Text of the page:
If it isn’t in your budget, you aren’t allowed to buy it. Point blank. No questions asked. If you want to start a budget but don’t know where to start, I recommend the zero-based budgeting method because it’s great for beginners!  

#4: Set Financial Goals

The best way to motivate yourself to stop spending so much money is to have small, short-term financial goals that you’re working towards. It doesn’t really matter what the goal is, as long as it’s short-term and focused. You could be saving for a trip, trying to pay off debt, or building up an emergency fund. If every day you think about what your small goal is, you’ll think twice about going to the mall or shopping on Amazon. What do you want to accomplish this year? Can you use any of those as a way to avoid overspending?

#5: Track Your Spending

If you’re really caught scratching your head at the end of the month wondering where your money goes, start tracking. If you track every penny you spend for 90 days, you’ll see how much money you just threw away at things that were entirely avoidable. When you want to lose weight people always suggest you track what you eat, and this is the same concept. Keep all your receipts and make a spreadsheet of all the money you spend and you’ll really see where you can improve. 

#6: Stick to your List

Never leave your house without a list, not just at the grocery store. If you’re going to the mall and only need some new underwear, stick to your list. Don’t just let yourself to wander and buy things that you don’t need.

Use an app on your phone like Google Keep as a grocery list so you have it on your phone at all times. It can cut out so many purchases you didn’t need to make because you can’t stray from the list! 

#7: Stay Home 

I get it, we live in a time where FOMO is real. We see our friends on Instagram and Facebook having what seems like a great time, wearing awesome clothes, and spending all sorts of money and we want to be able to do it too. I totally understand that feeling because I feel like that every day. However, I choose to focus on my goals and say no to a lot of social events and it’s really hard. I know what I want, and I want to travel the world in 2 years. I’m focusing on building my income and paying off my debt. No time to party.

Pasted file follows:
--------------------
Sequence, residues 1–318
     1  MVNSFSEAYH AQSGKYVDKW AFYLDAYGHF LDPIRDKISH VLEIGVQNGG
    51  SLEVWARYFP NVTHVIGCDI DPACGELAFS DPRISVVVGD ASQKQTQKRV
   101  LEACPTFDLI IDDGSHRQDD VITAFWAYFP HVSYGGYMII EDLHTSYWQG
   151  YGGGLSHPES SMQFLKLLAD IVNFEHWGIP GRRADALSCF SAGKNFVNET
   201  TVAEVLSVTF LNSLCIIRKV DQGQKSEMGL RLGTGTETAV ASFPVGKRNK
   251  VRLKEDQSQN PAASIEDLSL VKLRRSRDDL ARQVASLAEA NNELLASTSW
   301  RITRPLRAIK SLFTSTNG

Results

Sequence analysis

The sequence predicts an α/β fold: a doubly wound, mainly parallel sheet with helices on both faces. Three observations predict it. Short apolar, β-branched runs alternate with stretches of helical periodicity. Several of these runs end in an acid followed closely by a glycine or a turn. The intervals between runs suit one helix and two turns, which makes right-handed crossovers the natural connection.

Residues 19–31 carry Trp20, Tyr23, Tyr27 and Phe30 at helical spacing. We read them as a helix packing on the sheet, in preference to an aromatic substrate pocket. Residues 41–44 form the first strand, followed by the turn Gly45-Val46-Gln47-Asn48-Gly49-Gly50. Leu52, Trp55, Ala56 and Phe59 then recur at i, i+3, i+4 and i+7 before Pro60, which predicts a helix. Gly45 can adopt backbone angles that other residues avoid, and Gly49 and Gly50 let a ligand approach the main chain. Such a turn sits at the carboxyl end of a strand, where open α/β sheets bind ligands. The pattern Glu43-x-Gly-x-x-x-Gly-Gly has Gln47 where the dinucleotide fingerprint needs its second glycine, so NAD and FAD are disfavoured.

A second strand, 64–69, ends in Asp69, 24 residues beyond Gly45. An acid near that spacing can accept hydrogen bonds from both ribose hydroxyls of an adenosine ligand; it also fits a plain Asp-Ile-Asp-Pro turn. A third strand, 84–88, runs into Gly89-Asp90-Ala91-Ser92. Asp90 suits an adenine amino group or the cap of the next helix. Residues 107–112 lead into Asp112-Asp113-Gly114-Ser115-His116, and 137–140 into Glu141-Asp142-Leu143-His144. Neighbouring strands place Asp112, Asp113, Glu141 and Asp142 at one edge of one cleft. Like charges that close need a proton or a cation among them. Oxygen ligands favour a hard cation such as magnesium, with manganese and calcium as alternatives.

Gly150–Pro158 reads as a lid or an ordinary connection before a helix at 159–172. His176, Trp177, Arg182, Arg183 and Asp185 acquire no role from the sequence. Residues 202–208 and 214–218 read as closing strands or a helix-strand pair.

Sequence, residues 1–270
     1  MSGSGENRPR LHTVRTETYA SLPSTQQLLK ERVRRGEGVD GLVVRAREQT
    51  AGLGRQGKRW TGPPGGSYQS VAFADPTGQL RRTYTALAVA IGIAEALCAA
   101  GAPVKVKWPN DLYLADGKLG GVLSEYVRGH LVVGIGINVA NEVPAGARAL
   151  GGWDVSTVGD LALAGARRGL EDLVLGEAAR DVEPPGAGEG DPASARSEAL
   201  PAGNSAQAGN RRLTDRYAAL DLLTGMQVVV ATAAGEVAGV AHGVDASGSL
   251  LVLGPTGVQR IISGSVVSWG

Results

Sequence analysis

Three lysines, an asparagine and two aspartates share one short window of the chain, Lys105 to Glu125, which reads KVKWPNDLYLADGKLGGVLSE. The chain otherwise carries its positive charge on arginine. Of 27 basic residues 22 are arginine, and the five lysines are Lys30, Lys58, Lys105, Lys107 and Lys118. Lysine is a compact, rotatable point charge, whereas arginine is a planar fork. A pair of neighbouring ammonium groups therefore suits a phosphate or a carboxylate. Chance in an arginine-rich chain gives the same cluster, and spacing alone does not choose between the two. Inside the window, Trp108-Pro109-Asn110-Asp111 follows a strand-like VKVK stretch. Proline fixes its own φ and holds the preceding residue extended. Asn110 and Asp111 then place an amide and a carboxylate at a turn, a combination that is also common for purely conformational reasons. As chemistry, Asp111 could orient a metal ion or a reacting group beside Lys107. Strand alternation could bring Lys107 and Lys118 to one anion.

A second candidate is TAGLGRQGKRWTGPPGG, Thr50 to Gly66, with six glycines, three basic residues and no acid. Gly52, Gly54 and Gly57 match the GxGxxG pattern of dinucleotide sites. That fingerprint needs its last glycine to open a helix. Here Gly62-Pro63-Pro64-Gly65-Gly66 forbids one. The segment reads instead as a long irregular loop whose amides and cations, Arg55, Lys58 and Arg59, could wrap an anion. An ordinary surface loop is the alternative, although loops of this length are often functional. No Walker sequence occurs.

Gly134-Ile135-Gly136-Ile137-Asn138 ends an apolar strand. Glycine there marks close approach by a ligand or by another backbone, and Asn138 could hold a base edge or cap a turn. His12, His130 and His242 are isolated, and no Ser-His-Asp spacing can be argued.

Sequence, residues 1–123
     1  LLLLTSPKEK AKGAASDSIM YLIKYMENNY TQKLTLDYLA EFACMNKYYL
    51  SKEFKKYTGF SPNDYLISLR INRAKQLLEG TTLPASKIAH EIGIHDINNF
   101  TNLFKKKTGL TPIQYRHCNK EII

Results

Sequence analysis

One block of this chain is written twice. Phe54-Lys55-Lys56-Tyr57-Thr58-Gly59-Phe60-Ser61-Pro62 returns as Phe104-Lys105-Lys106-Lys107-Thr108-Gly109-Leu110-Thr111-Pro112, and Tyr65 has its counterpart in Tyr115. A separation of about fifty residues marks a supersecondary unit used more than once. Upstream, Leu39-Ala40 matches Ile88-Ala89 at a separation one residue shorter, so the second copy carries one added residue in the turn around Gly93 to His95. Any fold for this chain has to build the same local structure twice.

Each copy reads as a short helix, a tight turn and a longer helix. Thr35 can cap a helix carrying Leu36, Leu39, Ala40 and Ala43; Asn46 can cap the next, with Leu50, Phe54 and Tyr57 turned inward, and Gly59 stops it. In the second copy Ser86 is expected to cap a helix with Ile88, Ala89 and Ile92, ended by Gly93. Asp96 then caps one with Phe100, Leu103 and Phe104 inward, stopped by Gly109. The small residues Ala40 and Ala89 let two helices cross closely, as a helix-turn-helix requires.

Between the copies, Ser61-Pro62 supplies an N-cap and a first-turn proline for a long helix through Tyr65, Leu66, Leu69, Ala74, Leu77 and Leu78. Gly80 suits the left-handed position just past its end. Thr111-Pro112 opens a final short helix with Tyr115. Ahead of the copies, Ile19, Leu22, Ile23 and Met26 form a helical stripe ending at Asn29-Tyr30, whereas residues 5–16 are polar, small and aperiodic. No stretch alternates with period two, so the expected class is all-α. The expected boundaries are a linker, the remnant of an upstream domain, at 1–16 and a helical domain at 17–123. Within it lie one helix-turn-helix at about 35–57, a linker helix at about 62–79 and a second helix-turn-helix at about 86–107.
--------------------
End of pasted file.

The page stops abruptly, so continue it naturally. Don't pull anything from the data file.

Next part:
Staying home can help you stop spending money that you don’t have. You don’t need to go out drinking with your friends every weekend or get your nails done all the time. Focus on your goals. 


Tips to stop overspending for good

Final Thoughts

I know that kicking a habit like overspending can be hard and can be super emotional. You may find yourself struggling but just stick with it. Try a no-spend month or a shopping ban. There are so many great things you can do, and stopping the overspending habit can really change your entire life. If you need help or just a little motivation, please don’t hesitate to contact me! I’m here for you. 

Taylor O'Halloran

Hey! My name is Taylor O'Halloran and I'm a huge fan of saving money any way I can.I'm obsessed with dogs and I love all kinds of cheese even though my stomach hates it.  I'm a recent university graduate who just wanted to do her own thing and see what happens! Follow me on the journey!


  1. You shared very useful tips here. I always buy only when I need something! I am a minimalist so it helps me save money also. I am an advertiser’s nightmare, haha!

    1. Taylor O'Halloran says:

      hahaha! Being an advertiser’s nightmare is a good way to go!

  2. I was an impulsive buyer. But now I have self-control and good spending habits. I don’t use credit cards. Only use cash. If I don’t have the money, I don’t buy it. I have so much peace by doing that. It took us a while but we did it.

    1. Taylor O'Halloran says:

      That’s amazing! Exactly where everyone should aspire to be!

  3. You bet so many time we spend money in useless items and things that we really do not need. And I agree boredom and not agreeing on what is the difference between wanting and need is a struggle.

    1. Taylor O'Halloran says:

      So true!

  4. The title of this post alone spoke to me. I’m working on paying off my student loans so I’m working on repurposing my spending habits. This is a really good guide.

    1. Taylor O'Halloran says:

      Thank you! I’m glad it could help

  5. kelsie says:

    I needed this so much! I’m such an impulse buyer!! I hate it and it needs to stop! lol

    1. Taylor O'Halloran says:

      Haha don’t worry I’ve been there